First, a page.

News • October 02, 2020

Founder of Homeboy Industries talks about needing tenderness to help people

Founder of Homeboy Industries talks about needing tenderness to help people

Riverside, Calif. (Sept. 21, 2020) – Tenderness is important when ministering to people in the margins, Father Gregory Boyle, founder of Homeboy Industries, told a California Baptist University audience. Boyle spoke during the first Culture and Justice Lecture Series event of the semester on Sept. 17.

“We go out to the margins, so no one is left standing outside of the circle of compassion,” Boyle said. Boyle is also an award-winning author and Jesuit priest. His organization, Homeboy Industries, was the recipient of the 2020 Conrad N. Hilton Humanitarian Prize.

Located in Los Angeles, Homeboy Industries helps gang members re-enter the work-force through an 18-month employment and re-entry service that teaches them basic work skills. Other free services include tattoo removal and substance abuse resources.  

Homeboy Industries is now the largest rehabilitation, gang intervention and re-entry program in the world.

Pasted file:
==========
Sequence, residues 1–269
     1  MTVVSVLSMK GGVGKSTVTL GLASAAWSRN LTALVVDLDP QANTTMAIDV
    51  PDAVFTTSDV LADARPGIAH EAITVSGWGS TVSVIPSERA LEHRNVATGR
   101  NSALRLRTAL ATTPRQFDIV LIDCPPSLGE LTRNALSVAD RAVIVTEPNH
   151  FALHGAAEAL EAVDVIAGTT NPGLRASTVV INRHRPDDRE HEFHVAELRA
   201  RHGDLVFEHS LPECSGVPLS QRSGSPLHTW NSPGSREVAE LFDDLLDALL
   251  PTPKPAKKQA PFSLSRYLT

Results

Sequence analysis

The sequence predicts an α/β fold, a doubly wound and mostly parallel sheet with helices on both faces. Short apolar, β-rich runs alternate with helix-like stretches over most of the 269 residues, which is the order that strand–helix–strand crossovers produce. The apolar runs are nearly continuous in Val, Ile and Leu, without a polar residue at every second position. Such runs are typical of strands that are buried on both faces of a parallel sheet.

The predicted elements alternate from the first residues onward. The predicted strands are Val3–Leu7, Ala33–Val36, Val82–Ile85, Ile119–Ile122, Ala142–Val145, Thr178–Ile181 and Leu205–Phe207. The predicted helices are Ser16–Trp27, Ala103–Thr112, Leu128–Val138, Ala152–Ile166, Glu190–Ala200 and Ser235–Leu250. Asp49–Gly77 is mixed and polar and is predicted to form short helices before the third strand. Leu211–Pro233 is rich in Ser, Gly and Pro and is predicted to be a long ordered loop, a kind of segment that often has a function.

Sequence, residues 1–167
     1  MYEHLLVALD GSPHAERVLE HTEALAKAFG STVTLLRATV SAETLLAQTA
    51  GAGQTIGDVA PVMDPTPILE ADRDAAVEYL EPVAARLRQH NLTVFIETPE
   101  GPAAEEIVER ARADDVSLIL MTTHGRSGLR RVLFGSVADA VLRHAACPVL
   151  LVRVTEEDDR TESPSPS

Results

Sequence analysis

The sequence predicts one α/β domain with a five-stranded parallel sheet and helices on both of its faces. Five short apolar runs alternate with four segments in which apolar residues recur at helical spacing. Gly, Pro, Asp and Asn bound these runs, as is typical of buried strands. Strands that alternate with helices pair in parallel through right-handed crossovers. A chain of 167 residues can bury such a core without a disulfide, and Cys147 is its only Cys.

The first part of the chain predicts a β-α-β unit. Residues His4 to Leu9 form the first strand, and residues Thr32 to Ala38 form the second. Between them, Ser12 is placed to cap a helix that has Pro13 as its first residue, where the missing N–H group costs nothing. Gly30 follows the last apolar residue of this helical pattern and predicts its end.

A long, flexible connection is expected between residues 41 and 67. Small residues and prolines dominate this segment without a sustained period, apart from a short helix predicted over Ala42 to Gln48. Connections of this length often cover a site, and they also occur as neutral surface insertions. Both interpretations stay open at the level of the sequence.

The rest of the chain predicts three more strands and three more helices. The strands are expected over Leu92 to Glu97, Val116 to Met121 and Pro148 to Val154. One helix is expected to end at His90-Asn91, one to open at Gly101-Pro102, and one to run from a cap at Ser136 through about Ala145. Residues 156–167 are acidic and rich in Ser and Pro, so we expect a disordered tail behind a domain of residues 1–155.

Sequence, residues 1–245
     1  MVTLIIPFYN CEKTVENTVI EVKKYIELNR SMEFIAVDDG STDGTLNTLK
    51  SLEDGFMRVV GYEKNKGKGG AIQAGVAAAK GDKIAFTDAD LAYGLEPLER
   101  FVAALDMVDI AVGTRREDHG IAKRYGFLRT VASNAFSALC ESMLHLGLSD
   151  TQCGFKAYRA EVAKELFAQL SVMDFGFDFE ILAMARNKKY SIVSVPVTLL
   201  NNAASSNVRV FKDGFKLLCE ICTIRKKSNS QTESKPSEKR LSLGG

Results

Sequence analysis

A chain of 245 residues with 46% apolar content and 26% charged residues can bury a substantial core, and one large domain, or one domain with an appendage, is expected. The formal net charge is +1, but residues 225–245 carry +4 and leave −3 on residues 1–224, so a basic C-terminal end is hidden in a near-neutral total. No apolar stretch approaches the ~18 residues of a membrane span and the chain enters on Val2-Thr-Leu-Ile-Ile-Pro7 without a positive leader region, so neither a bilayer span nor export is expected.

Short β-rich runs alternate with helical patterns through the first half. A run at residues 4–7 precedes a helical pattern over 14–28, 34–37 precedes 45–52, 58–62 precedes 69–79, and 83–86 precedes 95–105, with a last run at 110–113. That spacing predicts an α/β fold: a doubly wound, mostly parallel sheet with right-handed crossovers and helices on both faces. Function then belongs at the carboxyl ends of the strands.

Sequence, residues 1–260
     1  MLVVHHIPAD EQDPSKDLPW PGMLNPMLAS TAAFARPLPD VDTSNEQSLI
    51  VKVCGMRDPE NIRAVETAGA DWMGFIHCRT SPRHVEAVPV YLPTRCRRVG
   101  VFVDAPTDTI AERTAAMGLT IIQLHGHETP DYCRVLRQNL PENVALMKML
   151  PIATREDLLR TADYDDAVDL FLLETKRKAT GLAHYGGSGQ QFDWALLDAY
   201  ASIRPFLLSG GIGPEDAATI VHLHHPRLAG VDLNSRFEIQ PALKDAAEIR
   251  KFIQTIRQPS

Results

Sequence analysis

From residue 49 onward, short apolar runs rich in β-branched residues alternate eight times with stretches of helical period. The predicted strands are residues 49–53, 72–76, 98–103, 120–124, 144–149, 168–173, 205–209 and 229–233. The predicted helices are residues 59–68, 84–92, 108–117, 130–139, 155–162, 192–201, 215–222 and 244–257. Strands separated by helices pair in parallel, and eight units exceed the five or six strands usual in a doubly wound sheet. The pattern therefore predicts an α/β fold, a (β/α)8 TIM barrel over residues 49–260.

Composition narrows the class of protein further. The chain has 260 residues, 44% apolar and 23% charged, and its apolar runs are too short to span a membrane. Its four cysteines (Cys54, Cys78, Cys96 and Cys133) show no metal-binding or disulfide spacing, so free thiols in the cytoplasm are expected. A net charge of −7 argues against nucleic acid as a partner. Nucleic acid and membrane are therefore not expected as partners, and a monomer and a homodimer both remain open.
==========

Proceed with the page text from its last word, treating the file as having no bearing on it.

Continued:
“Every single person who walks through our doors comes in barricaded behind a wall of shame and disgrace, and the only thing that can scale that wall is tenderness,” Boyle said. “There is nothing that reflects the God we actually have than the tender heart of this God.”

Boyle shared stories he came across during his ministries, giving examples of how his approach of kindness and understanding helped young men and women turn their lives around.

One man Boyle helped had been beaten so badly every day by his mother he had to wear three shirts to school to cover the blood. He grew up to join a gang. But after his rehabilitation, he now helps other youth and young men leave gangs behind.

“What he once was ashamed of, he grew to be proud of because he overcame it. His wounds and scars are a reminder of what he accomplished,” Boyle said. “If we do not welcome our wounds, we may be tempted to despise the wounded.”

Boyle reminded students and guests of God’s compassion and kindness and what their mission should be.

“You are invited to embrace the highest form of spiritual maturity, which is an extravagant tenderness. You are invited to take seriously what Jesus took seriously: inclusion, non-violence, unconditional loving-kindness and compassionate acceptance. You are invited to understand that belonging is more than inclusion and that we belong to each other,” Boyle said. “You go to the margins and you imagine a circle of compassion and you cease to care about anyone accusing you of wasting your time.”

The College of Behavioral and Social Sciences hosts the lecture series, which is being presented virtually this semester. Luke Womack, founder of The GO Fund, is featured speaker for the next lecture that will be held Oct. 15.

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